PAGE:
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Science: intelligent consideration instead of forced recognition!

Science: intelligent consideration instead of forced recognition!

Lambert T. Koch is President of the German University Association

Since the attack launched by Hamas terrorists Israel The university world in this country is witnessing a continuing surge in politicization. Anyone who did not show solidarity with the people of Israel immediately after the massacre found themselves in the crosshairs. Anyone who did not address the untold suffering of the civilian population in the Gaza Strip in the following weeks was equally skeptical.

Thinking and struggling to make accurate assessments is intolerable, and “on the one hand – on the other hand” is quickly suspected of cowardice. On social media in particular, instant acknowledgments are demanded, and if these acknowledgments do not happen immediately, headshots are also demanded.

The result of this increasing pressure for recognition is that those in charge in the scientific system are now more easily tempted to make cursory assessments of the situation and make premature positioning. Science thrives on careful observation and experimentally guided discrimination of shades of gray between black and white. However, with the politicization of science, these important shades of gray are easily overlooked. This has been true for a long time in the cancel culture debate. Some recognize the threats to academic freedom in our country, others consider these concerns misguided. Suddenly you are set to a direction, in this case “left” or “right”. Many thoughtful people, who when it comes to restricting freedom, are only concerned with preventing possible starts, are already labeled with conspiracy theorists.

It has become clear that traditional right-left networks are no longer necessarily working. Young people in particular today make much more situational judgments. This is also reflected in new political groupings, which use this in their programs here and there, thus challenging the usual spectrum of parties. Keeping our democracy strong requires that we remain more vigilant than ever. It is also necessary to look closely and constantly in new ways if one is to find the right balance between wise reflection and courageous confession, as the following three examples illustrate:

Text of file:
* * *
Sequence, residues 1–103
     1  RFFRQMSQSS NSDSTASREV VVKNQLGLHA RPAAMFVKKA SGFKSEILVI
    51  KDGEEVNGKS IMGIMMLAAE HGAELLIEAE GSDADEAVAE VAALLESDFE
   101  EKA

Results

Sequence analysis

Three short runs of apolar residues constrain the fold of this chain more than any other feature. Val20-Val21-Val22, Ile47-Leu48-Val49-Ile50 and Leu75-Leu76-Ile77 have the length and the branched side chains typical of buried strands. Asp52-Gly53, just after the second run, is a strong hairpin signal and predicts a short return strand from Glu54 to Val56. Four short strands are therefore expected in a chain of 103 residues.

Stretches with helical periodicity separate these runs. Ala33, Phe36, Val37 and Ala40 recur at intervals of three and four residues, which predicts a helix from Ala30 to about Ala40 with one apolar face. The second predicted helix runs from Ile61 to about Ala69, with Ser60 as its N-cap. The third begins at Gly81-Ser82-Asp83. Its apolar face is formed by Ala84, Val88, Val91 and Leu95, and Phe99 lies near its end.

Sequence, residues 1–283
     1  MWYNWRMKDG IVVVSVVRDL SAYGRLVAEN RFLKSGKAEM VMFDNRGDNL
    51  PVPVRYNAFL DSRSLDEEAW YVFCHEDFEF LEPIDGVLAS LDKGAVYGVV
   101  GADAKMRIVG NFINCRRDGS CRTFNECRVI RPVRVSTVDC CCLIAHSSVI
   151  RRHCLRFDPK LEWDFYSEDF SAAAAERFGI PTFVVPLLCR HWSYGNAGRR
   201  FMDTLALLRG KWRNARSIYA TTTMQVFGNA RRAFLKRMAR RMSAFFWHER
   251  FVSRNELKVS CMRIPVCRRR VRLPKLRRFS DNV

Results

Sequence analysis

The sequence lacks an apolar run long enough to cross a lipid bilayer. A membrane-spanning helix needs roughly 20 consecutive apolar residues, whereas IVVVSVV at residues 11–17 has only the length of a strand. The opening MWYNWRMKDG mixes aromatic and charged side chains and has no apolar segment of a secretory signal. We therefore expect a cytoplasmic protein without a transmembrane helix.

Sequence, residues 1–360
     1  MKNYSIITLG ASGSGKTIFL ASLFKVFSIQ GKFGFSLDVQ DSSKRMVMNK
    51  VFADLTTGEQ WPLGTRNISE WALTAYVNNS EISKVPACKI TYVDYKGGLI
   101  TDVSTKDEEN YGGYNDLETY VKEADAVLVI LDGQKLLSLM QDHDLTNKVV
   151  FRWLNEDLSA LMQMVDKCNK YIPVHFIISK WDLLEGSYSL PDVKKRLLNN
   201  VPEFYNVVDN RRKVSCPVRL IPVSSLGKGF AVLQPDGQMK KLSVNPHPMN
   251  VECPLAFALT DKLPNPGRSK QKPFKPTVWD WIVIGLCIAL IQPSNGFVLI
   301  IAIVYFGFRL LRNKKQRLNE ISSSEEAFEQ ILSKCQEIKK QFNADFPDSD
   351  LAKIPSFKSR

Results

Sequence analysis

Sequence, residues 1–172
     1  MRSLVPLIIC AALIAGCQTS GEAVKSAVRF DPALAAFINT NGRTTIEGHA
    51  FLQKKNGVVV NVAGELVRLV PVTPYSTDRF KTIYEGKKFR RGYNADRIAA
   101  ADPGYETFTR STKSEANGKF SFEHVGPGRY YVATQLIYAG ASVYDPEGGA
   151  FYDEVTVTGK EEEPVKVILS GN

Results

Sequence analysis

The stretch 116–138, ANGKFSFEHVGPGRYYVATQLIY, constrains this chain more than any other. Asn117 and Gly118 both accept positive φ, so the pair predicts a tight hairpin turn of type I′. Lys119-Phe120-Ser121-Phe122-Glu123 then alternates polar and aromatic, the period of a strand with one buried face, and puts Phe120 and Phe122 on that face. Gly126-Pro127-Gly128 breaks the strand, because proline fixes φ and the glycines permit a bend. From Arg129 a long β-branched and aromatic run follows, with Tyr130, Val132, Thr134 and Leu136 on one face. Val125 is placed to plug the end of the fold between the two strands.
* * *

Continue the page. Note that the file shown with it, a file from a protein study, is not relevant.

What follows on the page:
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If Jews in Germany have to be afraid to identify themselves as such publicly again today, we are all called to stand up, without questions or reservations. In our universities, intelligent thinking is necessary in order to draw the right conclusions. In order to reach a common position against anti-Semitism, it seems pointless to appoint new representatives by decree. Tailored measures from within the organization are often more effective than top-down measures.

Second example: How do you contact groups like the Academic Freedom Network, which are joined by people suspected of acting unconstitutionally? In a borderline case, does one mushroom poison the entire soup? This is precisely what should be allowed to be reasonably discussed, just as it may be necessary, based on the evidence, to show individuals an unequivocal red card.

Or third: How do you deal with bully students who brutally harm members of minorities? Like the author of this article, you can take the position of sending a clear signal by firing. Some see this differently.

What remains crucial is our commitment to fighting for the better argument. Anyone who, after careful consideration, comes to the conclusion that he or she needs to take a courageous stand, must accept that commitment. For those who prefer shades of gray, they should be given the right to “on the one hand – on the other hand.” If we can make such a consultative culture more widespread in our scientific institutions, we will be able to achieve a lot – especially in times of specific political developments when we cannot remain silent.